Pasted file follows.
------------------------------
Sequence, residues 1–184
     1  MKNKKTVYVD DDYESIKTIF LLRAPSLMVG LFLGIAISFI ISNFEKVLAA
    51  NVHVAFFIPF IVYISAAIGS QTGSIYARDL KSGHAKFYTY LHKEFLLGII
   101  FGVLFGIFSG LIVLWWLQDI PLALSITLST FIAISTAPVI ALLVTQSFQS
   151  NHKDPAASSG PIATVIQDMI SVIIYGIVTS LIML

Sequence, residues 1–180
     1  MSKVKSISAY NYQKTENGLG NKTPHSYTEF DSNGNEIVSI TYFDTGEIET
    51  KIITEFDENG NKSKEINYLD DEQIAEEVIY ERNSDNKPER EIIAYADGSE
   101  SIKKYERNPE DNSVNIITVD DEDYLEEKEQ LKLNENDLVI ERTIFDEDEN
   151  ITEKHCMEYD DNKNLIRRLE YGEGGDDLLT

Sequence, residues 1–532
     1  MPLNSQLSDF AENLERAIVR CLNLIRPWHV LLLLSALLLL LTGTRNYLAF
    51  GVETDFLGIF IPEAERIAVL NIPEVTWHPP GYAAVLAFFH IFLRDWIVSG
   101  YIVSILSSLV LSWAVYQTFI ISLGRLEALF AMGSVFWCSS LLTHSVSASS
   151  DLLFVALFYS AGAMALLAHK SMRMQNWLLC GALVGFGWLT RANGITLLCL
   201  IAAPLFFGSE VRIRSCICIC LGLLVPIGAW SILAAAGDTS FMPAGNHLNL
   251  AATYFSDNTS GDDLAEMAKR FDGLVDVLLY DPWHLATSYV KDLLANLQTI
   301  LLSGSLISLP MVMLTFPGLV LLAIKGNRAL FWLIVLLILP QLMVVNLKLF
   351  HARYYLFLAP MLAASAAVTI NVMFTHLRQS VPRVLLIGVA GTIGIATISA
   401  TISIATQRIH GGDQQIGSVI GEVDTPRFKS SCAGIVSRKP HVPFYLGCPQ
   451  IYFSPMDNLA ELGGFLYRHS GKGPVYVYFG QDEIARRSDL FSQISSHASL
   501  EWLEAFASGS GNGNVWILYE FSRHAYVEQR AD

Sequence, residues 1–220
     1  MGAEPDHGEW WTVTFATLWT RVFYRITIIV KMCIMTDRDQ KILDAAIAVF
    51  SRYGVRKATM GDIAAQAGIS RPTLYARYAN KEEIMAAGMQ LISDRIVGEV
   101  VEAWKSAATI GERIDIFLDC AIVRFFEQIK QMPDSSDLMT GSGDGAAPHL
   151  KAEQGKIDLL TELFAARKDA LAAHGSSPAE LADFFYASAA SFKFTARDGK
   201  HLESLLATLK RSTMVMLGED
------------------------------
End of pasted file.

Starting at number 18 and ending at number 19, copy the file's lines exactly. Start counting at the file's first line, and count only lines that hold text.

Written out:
   301  LLSGSLISLP MVMLTFPGLV LLAIKGNRAL FWLIVLLILP QLMVVNLKLF
   351  HARYYLFLAP MLAASAAVTI NVMFTHLRQS VPRVLLIGVA GTIGIATISA